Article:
Melissa: Of course you knew I was going to ask this…so explain your love of (or Molly’s love of) Fleetwood Mac?

Leah: Haha! I LOVE this question. Will I disappoint you if I said that the Fleetwood Mac was a choice I came to after lots of deliberation? I knew I wanted Molly to have this love of music—choices that helped develop her character and reinforce certain points of the story as they appeared. I also knew that I wanted these choices to be strong female singer-songwriters (hello, Liz Phair!), or bands led by fierce female vocalists (Florence, of course). I wanted them to be more of an indie persuasion, to show that Molly wasn’t just going to do what was assumed of her (you know what I mean since you’ve read the story!). And selfishly, it was fun, because my own love of music runs deep (though my literary agent laughingly tells me that I am a woman thoroughly stalled in the ‘90s.). But the Fleetwood Mac references came around because I was searching for a way to tie Molly back to her dad, and those roots and values set down by her family when she was a child (That’s why Molly’s baby is named a certain way). And with that, I wanted a band led by strong female vocalists. Fleetwood Mac was what I finally set my sights on when I realized how all the back-and-forth love interests in the band could also be a subtle allusion to Molly’s struggles. That and there’s so much good music to draw on. But that’s a given!

Melissa: And, Leah, just between us (because there’s probably no way to ask a question about this in without it being a spoiler) but I wanted to tell you that I found it very satisfying the way you worked in the Frost poem in the title and its parallel to your story. I think most people misunderstand that poem, thinking it says that his life did change because of taking the “road not taken,” when in fact the poem says the exact opposite as did you book, seeing as how she ended up in the same place either way. Awesome job!!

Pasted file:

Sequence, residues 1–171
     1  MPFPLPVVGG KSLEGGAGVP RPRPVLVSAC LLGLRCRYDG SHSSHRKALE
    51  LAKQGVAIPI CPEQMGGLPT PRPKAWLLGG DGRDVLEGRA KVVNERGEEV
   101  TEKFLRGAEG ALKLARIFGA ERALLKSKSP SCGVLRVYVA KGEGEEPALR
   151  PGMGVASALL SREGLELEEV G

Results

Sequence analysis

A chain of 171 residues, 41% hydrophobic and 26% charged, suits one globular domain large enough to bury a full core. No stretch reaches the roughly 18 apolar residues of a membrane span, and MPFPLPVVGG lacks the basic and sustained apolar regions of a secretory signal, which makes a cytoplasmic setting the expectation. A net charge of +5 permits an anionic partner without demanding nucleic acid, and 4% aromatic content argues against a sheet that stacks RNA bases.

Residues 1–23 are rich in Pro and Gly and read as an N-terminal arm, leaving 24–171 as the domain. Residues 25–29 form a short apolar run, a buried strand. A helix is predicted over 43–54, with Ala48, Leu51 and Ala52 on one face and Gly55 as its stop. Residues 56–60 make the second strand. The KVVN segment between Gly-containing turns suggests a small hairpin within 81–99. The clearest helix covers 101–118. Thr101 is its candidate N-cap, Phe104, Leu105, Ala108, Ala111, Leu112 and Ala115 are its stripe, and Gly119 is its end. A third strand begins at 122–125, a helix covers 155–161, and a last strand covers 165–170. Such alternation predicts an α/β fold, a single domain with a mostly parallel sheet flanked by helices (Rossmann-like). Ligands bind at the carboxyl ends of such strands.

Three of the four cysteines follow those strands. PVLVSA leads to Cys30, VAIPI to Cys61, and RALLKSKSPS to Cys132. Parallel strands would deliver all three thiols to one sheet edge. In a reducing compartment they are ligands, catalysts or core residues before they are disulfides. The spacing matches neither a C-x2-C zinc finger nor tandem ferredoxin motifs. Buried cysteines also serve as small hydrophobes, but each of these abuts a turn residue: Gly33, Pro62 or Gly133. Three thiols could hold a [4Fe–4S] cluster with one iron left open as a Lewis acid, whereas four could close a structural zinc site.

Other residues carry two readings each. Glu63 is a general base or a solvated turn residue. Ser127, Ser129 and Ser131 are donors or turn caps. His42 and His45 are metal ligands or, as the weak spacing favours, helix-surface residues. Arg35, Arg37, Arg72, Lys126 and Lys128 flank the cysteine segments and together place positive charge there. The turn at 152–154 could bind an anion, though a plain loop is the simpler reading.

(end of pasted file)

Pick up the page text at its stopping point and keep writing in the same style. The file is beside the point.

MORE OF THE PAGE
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All the differenceNew Year’s Eve. A time for resolutions. A chance to make a change. And for thirty-year-old Molly Sullivan, a night that will transform her life forever…

All it takes is one word—yes or no—to decide Molly’s future. As the clock counts down to midnight and the ball slowly begins to drop, Molly’s picture-perfect boyfriend gets down on one knee and asks her to marry him. She knows she should say yes, especially considering the baby-sized surprise she just discovered she’s carrying. But something in her heart is telling her to say no…

Now, Molly’s future can follow two very different paths: one where she stays with her baby’s father, despite her misgivings and his family’s unreasonable expectations, and one where she ventures out on her own as a single mother, embracing all the hardships that come with it.

And by the time the next New Year is rung in, Molly will know which choice was right—following her head or listening to her heart…

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Author to Author Interview: Melissa DeCarlo and Leah Ferguson

Today’s post by Melissa DeCarlo and Leah Ferguson | @meldecarlo and @onevignette